From 28 – 29 May 2019, the United Nations Regional Centre for Peace, Disarmament and Development in Latin America and the Caribbean (UNLIREC), in collaboration with the Government of Trinidad and Tobago, conducted an Inter-institutional Roundtable Meeting to Enhance Firearms-related Investigations.


Phase 3 of the UNLIREC’s Combatting Illicit Firearms and Ammunition Trafficking in the Caribbean through Operational Forensic Ballistics, sought to identify and discuss existing gaps in the management of the lifecycle of a firearm, from the moment it is confiscated or obtained at the crime scene to court and ultimately its destruction. During the implementation of previous technical assistance in the Caribbean, distinct issues were brought to light, for instance, in some jurisdictions the communication between first responders and laboratory analysts and examiners needed to be strengthened; in other jurisdictions, it was found that ballistic intelligence leads provided to investigative units by ballistics experts are not actioned, or leads are submitted many years after the original gun crime. In one case it was found that weapons are confiscated and stored by Custom authorities were not sent for examination to ballistic experts, hence possibly allowing potential links to be missed. As such, the Roundtables were intended to enhance coordination, as well as to carry out deeper analysis among the key stakeholders to address any existing gaps and consequently reduce impunity in firearms-related cases.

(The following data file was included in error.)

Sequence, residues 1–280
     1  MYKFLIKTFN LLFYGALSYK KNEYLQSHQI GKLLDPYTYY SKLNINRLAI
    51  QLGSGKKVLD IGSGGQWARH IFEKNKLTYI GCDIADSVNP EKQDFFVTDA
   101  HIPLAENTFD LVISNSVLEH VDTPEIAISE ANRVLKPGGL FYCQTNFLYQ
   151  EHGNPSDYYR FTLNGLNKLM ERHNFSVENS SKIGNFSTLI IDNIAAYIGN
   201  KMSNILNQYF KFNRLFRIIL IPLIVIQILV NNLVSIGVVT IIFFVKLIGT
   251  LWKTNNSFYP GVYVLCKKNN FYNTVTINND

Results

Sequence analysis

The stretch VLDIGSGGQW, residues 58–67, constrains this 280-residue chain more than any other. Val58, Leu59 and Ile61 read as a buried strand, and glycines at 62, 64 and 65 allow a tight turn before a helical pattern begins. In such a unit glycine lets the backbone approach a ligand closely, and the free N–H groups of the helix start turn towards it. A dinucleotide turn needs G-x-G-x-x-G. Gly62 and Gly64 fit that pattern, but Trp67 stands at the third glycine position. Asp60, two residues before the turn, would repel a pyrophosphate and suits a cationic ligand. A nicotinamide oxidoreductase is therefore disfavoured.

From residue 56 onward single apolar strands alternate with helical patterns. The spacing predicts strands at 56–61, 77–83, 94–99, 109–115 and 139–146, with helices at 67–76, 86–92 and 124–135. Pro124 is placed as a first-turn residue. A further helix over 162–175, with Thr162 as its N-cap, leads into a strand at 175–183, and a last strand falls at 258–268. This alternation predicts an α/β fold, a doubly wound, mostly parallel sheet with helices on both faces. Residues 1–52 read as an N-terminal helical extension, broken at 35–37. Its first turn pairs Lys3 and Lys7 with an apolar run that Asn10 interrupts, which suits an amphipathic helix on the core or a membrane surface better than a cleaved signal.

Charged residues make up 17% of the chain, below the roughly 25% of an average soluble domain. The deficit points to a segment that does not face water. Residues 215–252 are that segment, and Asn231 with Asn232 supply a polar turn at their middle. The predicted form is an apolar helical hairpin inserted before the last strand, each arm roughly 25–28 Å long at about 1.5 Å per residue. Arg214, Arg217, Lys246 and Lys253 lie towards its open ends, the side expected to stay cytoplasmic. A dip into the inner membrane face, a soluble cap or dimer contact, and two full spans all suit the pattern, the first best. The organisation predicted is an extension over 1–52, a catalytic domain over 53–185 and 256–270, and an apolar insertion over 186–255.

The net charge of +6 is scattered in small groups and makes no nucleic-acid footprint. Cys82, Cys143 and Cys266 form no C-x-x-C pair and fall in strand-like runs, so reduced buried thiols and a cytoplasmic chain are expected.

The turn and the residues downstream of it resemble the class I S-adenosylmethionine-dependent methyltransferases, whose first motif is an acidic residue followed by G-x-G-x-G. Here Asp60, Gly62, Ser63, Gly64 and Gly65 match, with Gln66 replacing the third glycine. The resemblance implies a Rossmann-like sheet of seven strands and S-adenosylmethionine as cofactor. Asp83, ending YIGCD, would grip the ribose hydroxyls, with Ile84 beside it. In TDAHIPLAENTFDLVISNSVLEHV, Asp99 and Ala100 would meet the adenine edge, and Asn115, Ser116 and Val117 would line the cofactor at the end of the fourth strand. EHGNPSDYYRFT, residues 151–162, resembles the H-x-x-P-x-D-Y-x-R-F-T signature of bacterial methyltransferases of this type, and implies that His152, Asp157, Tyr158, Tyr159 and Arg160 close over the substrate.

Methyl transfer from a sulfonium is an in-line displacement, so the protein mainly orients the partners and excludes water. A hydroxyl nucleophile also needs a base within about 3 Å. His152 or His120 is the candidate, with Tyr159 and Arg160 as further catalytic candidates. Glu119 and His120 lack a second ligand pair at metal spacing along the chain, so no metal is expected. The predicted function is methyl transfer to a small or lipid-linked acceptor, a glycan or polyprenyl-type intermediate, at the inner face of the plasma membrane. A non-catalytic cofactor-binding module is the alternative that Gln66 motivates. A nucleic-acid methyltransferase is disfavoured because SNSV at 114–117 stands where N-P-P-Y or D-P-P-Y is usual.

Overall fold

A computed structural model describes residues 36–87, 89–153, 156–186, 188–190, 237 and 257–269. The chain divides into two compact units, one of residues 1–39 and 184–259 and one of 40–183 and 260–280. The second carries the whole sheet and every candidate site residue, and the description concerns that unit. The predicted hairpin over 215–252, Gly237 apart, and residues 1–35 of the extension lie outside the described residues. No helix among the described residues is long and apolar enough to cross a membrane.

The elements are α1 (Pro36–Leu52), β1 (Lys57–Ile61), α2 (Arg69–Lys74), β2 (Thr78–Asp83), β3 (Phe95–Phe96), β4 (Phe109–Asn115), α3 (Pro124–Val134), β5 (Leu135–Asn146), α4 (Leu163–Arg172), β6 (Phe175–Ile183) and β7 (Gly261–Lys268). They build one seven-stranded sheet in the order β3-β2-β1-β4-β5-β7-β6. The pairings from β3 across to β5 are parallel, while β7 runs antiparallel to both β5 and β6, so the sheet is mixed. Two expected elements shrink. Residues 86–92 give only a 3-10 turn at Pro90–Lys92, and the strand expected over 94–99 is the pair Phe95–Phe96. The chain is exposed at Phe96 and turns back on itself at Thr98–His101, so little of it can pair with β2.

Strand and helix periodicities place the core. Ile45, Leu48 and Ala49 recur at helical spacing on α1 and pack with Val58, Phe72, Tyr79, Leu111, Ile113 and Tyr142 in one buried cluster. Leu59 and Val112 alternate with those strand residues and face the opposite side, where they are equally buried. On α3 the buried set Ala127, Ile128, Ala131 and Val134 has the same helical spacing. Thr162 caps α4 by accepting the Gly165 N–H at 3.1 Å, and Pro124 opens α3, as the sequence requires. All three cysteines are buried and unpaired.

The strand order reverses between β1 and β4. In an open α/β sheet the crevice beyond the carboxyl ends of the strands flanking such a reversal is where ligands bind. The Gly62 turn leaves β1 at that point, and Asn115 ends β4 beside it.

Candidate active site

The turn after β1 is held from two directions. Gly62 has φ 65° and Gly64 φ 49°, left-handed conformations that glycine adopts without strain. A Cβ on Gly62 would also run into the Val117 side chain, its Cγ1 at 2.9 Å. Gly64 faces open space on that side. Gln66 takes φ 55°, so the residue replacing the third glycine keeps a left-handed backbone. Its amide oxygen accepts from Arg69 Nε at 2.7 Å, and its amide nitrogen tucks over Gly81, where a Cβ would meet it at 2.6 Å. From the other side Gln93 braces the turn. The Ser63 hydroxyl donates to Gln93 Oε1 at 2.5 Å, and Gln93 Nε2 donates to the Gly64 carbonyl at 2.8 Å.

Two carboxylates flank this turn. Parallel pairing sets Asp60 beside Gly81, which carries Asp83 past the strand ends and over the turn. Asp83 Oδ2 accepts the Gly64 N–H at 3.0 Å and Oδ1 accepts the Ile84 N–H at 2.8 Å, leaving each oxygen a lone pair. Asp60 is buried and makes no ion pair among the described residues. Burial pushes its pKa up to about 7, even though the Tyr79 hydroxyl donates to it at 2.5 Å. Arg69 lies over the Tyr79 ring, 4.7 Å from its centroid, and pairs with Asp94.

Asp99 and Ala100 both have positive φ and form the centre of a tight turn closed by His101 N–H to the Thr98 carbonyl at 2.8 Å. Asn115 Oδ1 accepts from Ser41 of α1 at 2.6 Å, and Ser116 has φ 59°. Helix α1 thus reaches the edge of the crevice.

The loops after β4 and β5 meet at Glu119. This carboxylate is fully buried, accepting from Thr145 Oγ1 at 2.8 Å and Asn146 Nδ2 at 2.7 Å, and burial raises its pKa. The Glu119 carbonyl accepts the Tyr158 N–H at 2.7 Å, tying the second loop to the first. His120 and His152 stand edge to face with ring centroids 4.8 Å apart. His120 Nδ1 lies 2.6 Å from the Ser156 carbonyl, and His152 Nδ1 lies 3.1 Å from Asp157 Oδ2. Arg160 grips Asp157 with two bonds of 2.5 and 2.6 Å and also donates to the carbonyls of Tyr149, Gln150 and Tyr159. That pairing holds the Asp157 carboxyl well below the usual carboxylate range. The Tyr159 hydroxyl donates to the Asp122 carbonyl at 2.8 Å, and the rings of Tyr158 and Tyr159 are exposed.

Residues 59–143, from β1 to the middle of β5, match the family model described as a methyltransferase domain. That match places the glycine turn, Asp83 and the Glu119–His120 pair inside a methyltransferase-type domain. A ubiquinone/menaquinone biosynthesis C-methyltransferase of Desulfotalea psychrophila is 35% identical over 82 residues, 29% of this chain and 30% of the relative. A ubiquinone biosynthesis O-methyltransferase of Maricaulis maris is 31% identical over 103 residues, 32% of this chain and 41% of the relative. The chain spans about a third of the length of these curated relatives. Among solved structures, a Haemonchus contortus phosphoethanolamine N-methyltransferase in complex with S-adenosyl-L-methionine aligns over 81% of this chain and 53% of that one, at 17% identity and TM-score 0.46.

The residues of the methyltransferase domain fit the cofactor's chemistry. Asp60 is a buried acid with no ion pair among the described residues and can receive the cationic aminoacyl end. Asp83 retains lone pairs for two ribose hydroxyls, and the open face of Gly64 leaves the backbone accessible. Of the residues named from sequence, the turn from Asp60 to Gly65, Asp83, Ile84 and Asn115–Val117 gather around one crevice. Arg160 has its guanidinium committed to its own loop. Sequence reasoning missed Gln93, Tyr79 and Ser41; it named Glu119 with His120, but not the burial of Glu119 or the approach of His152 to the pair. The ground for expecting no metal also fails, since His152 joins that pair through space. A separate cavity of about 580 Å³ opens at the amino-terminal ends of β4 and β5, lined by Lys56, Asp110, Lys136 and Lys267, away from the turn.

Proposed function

Twenty participants comprising Ballistic Experts, Crime Analysts, Homicide Investigators, Executive Law Enforcement Officers, Armourers, Crime Scene Investigators, Intelligence Officers, Customs Officials, Defence Force Officials and Policy Personnel from multiple National Security agencies participated in the roundtable meeting. UNLIREC officials and participants: reviewed current practices in Trinidad and Tobago re: crime gun intelligence management – specifically ballistics intelligence; presented ways in which ballistic intelligence can be more effectively utilized; discussed the usefulness of ballistic intelligence for enhancing investigations and disrupting trafficking networks. Participants ended by developing recommendations that would assist with combatting armed violence and firearms trafficking. During the Roundtable Meeting, process flows and data on the recovery, forensic processing, international tracing, investigation, prosecution and trafficking of illicit firearms were discussed.


This Inter Institutional Roundtable Meeting in Trinidad and Tobago was made possible thanks to the support of the government of the United States of America.


UNLIREC, as the regional organ of the UN Office for Disarmament, seeks to advance the cause of practical disarmament in Latin America and the Caribbean as part of its commitment to support Member States in their implementation of international disarmament and non-proliferation instruments, in particular, the 2001 UN Programme of Action on Small Arms.